Full moon fever!!/Lunar "X"/General moon shots


    As moon goes thru its phases you have to adjust your camera settings, most important thing is to NOT over expose your moon shots, rather slightly underexpose and then bring up in PP.
    ex: Full moon on clear skies mostly overhead I've shoot ISO100, f11, 1/250 @ 250mm with great results many-many times, as moon is closer to horizon change the settings slightly more open aperture, keeping shutter speed relatively high is better for sharpness if possible.
    As moon is less than full also open the aperture, lower the shutter speed, or up the ISO to 200.....ymmv, experiment and learn.

    Best time to shoot the moon is clear/still skies with it mostly overhead, which is hard to then compose it ....

    fwiw, I took these early this morning, 1st semi-clear skies since the eclipse a week ago.
    Even then, Moon was not really much above the horizon and I had to use slower shutter and more open aperture than if the moon more high in the sky due to atmospheric haze.
    Very windy skies so these not as crisp/sharp as other days.

    In Aperture 3 I did PP, including dialing down the saturation slightly to take some of the yellow haze away, since I was shooting with moon still not high above horizon.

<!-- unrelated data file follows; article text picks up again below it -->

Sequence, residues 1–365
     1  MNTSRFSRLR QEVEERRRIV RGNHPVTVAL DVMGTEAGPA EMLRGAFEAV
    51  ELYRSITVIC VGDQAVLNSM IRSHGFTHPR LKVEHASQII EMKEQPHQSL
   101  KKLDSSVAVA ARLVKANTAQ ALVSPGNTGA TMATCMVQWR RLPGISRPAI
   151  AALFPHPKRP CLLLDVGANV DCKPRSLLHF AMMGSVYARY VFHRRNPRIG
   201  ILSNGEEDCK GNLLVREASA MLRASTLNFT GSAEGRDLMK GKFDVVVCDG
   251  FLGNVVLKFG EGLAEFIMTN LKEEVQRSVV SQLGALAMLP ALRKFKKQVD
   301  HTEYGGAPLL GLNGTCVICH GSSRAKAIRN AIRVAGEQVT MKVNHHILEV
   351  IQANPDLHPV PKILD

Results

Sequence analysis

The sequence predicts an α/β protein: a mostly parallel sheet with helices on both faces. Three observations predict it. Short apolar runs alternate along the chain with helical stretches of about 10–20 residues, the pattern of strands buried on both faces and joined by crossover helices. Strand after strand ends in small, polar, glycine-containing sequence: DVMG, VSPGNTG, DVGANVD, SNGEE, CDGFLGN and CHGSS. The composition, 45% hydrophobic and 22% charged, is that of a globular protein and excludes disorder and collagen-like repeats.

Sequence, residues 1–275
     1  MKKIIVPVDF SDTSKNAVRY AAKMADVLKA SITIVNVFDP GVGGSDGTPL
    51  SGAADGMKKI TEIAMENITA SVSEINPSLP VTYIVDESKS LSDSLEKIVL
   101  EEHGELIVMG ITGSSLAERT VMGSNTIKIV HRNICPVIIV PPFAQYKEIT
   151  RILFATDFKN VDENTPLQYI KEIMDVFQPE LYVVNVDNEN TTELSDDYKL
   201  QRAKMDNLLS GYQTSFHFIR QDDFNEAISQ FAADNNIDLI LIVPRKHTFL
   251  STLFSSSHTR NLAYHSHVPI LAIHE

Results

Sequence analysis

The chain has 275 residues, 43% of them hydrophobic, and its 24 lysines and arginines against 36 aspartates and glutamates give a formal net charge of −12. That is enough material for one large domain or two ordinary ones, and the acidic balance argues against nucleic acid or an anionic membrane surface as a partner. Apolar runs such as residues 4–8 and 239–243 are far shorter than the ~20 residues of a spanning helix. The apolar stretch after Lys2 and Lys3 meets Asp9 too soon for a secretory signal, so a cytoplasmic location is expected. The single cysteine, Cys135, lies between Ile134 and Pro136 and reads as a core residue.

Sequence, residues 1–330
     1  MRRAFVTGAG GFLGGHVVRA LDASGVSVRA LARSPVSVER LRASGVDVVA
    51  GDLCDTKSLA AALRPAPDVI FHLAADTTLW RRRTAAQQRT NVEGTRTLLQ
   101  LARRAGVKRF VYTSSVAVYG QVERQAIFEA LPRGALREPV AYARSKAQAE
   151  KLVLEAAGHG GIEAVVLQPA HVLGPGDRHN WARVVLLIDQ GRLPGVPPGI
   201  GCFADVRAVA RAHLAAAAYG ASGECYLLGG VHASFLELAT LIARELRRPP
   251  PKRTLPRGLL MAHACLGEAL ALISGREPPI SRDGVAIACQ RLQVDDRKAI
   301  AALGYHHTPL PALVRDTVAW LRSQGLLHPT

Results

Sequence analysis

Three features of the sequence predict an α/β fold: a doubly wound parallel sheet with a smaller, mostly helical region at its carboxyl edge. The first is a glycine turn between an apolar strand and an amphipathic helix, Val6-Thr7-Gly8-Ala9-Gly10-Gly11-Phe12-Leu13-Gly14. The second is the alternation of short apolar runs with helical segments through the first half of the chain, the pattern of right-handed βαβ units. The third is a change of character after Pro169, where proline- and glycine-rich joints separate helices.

70-200 L mkII + 1.4x TC for 280mm, ISO200, 1/125 sec, f 4.0
    [​IMG]

    70-200 L mkII + 2.0x TC for 400mm, ISO200, 1/125 sec, f 5.6
    [​IMG]
     
  21. Doxe thread starter macrumors newbie

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    Dec 26, 2010
    #21
    Thank you all for your replys. I will take on board what has been said and put it to the test. I have a tripod and a remote switch, however, tripod is not that great so i will get a better 1. Once i have had a bit of a play i will try to post the results.

    Again, many thanks.

    DoXe
     
  22. snberk103 macrumors 603

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    #22
    I agree that manual mode is not for everyone. Heck, I rarely use manual mode myself - and I went though a period of using large format cameras. However, I think one's photography can only get better when you know how things work - even if it's only just to recognize when it's time to read the manual on manual mode (hee hee pun intended).

    I think there is a better car analogy though. Knowing air-fuel ratio, cam timing, etc is more about understanding how the digital receptors are laid out, which pattern they are in, what the camera software is doing, etc. In the example of the moon shot, we aren't at that level of complexity where that matters.

    Again, using the car analogy, photographers should know about how to turn into a skid. When to downshift in the snow (topical on the east coast, eh?!) and when to apply the brakes. Is the car front wheel drive or rear wheel? Because modern cars have all of these wonderful computers that make our lives easier, simpler, and safer. But sometimes you have to turn off the Auto ding-dang thing because it's getting in the way.